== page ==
The Search Son Volt was founded in 1994 by Jay Farrar of New Orleans, Louisiana after the dissolution of the band Uncle Tupelo. Earnest, plainspoken and single-minded, Jay Farrar has amassed a sizable and distinctive body of work since coming on the radar with Uncle Tupelo in 1987. The Search, the fifth album by the St. Louis-based artist under the Son Volt nameplate, takes Farrar's signature juxtapositions of the arcane and the modern to provocative extremes, contrasting the blue highways of a disappearing cultural landscape with a perilous world in which the center no longer holds - a world of information overload, of clueless leaders carrying out sinister agendas, of "Hurricanes in December - earthquakes in the heartland/Bad air index on a flashing warning sign," as the artist sings ruefully on "The Picture." The Search's 14 songs locate and vividly portray the prevailing modes of the human condition in the first decade of the 21st century: cynicism ("Beacon Soul"), reflection ("The Search"), restlessness ("L Train," "Highways and Cigarettes"), yearning ("Adrenaline and Heresy"), paranoia ("Automatic Society"), despair ("Methamphetamine") and conditional hopefulness ("Underground Dream," "Phosphate Skin"). By turns melancholy and exhilarating, the album further cements Farrar's status as one of rock's most eloquent chroniclers of contemporary existence.
The Search Son Volt was founded in 1994 by Jay Farrar of New Orleans, Louisiana after the dissolution of the band Uncle Tupelo. Earnest, plainspoken and single-minded, Jay Farrar has amassed a sizable and distinctive body of work since coming on the radar with Uncle Tupelo in 1987. The Search, the fifth album by the St. Louis-based artist under the Son Volt nameplate, takes Farrar's signature juxtapositions of the arcane and the modern to provocative extremes, contrasting the blue highways of a disappearing cultural landscape with a perilous world in which the center no longer holds - a world of information overload, of clueless leaders carrying out sinister agendas, of "Hurricanes in December - earthquakes in the heartland/Bad air index on a flashing warning sign," as the artist sings ruefully on "The Picture." The Search's 14 songs locate and vividly portray the prevailing modes of the human condition in the first decade of the 21st century: cynicism ("Beacon Soul"), reflection ("The Search"), restlessness ("L Train," "Highways and Cigarettes"), yearning ("Adrenaline and Heresy"), paranoia ("Automatic Society"), despair ("Methamphetamine") and conditional hopefulness ("Underground Dream," "Phosphate Skin"). By turns melancholy and exhilarating, the album further cements Farrar's status as one of rock's most eloquent chroniclers of contemporary existence.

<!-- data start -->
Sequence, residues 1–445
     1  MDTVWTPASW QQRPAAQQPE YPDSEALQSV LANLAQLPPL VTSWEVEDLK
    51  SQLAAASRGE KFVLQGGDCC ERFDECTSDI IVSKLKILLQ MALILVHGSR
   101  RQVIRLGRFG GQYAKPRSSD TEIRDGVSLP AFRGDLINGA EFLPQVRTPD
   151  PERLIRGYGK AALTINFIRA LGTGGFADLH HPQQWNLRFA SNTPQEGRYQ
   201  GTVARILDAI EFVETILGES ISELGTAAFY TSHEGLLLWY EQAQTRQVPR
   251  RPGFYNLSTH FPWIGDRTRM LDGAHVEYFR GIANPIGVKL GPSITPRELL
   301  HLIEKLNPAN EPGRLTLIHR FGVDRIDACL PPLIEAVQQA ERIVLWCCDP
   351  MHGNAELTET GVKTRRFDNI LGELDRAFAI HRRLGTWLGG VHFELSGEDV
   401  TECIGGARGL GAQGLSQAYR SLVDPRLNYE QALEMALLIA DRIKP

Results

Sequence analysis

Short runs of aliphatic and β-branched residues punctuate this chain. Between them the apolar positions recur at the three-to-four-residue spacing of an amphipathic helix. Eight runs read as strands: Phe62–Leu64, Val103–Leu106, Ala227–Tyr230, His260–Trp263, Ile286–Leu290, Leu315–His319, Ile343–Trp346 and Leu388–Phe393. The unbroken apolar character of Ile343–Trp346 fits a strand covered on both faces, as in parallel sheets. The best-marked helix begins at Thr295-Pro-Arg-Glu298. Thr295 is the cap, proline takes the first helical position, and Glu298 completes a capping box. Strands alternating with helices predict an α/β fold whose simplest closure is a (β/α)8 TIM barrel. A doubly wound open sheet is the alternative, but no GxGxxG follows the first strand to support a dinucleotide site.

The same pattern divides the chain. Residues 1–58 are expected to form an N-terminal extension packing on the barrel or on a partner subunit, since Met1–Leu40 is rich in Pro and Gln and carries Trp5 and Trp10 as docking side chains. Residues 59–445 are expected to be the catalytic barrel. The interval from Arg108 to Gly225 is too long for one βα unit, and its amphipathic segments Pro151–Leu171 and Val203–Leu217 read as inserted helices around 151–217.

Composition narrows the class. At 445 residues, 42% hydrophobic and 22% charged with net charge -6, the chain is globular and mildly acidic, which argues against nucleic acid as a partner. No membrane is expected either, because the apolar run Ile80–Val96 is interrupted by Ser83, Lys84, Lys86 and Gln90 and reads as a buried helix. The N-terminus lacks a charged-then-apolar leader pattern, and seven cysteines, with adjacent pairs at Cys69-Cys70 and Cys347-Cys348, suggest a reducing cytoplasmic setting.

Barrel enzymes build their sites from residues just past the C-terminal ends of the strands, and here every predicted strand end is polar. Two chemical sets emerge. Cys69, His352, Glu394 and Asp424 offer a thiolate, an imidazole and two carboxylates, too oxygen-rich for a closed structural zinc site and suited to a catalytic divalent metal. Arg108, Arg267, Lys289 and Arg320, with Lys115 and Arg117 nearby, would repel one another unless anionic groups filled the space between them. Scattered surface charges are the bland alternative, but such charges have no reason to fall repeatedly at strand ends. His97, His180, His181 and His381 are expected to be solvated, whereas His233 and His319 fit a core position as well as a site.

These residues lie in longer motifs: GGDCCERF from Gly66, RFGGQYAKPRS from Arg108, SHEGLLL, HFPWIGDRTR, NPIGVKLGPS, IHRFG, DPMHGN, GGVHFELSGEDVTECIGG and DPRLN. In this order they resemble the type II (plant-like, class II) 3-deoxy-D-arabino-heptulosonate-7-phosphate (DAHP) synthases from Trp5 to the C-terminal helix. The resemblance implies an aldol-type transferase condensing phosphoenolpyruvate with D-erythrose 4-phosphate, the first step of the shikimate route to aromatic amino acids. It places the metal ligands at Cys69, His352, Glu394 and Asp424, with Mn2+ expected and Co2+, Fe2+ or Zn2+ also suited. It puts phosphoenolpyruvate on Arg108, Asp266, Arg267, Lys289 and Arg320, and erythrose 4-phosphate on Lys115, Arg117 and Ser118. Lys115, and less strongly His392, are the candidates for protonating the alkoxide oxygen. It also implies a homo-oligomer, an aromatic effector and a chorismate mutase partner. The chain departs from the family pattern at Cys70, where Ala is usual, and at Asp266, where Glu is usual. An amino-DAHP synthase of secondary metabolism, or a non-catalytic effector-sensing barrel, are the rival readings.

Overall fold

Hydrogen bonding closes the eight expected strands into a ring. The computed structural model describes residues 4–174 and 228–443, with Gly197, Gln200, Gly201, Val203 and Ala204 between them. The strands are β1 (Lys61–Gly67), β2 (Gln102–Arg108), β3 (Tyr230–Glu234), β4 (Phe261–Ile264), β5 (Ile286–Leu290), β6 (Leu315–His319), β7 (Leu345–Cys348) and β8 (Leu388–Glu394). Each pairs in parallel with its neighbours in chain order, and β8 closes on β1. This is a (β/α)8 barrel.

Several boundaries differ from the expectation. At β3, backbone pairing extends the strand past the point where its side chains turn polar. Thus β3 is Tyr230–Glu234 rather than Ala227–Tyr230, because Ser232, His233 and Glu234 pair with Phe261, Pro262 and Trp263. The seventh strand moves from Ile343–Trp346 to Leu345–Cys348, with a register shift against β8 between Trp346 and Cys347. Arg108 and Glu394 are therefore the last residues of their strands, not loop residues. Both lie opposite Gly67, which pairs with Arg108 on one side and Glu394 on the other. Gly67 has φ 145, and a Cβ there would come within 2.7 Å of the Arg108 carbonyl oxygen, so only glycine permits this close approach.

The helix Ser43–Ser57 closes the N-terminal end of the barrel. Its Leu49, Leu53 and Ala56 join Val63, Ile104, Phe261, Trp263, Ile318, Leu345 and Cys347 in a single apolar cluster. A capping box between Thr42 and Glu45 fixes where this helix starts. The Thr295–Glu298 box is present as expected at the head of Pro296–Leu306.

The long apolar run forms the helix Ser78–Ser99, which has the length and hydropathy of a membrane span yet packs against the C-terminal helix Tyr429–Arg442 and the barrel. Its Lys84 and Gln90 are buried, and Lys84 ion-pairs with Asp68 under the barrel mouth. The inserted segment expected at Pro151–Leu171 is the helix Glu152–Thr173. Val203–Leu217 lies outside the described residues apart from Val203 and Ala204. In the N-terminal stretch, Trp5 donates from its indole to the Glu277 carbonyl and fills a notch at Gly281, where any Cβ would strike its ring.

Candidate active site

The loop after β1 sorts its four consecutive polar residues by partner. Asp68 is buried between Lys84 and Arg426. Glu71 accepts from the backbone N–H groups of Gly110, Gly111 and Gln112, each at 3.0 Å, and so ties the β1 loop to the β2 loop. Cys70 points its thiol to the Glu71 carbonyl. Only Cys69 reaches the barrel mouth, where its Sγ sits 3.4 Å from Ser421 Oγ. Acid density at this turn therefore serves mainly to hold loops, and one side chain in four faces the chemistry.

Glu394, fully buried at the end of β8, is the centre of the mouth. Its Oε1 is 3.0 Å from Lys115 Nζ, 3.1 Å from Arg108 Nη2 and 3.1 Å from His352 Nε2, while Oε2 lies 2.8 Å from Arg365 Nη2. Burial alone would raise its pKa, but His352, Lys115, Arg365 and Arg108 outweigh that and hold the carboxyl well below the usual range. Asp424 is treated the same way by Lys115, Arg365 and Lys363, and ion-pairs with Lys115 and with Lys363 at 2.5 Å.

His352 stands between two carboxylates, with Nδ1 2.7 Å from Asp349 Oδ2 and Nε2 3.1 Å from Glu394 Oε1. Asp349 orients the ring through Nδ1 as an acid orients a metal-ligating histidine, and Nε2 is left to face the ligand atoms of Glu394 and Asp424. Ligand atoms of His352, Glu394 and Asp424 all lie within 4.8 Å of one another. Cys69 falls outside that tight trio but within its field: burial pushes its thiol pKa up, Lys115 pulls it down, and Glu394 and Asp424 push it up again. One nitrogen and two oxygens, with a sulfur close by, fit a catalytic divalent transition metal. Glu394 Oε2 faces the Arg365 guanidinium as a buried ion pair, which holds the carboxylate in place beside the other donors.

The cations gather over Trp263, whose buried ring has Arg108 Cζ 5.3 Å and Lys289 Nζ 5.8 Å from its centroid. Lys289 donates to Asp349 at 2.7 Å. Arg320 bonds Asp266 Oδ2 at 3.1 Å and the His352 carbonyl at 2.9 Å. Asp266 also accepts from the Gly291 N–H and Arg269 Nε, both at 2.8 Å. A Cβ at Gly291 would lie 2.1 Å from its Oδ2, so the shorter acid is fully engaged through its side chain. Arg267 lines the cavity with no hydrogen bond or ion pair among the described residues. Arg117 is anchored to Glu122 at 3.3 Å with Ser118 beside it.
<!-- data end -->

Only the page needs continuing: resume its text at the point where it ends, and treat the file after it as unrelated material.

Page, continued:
752830933545
The Search: Deluxe
Artist: Son Volt
Format: CD
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The Search Son Volt was founded in 1994 by Jay Farrar of New Orleans, Louisiana after the dissolution of the band Uncle Tupelo. Earnest, plainspoken and single-minded, Jay Farrar has amassed a sizable and distinctive body of work since coming on the radar with Uncle Tupelo in 1987. The Search, the fifth album by the St. Louis-based artist under the Son Volt nameplate, takes Farrar's signature juxtapositions of the arcane and the modern to provocative extremes, contrasting the blue highways of a disappearing cultural landscape with a perilous world in which the center no longer holds - a world of information overload, of clueless leaders carrying out sinister agendas, of "Hurricanes in December - earthquakes in the heartland/Bad air index on a flashing warning sign," as the artist sings ruefully on "The Picture." The Search's 14 songs locate and vividly portray the prevailing modes of the human condition in the first decade of the 21st century: cynicism ("Beacon Soul"), reflection ("The Search"), restlessness ("L Train," "Highways and Cigarettes"), yearning ("Adrenaline and Heresy"), paranoia ("Automatic Society"), despair ("Methamphetamine") and conditional hopefulness ("Underground Dream," "Phosphate Skin"). By turns melancholy and exhilarating, the album further cements Farrar's status as one of rock's most eloquent chroniclers of contemporary existence.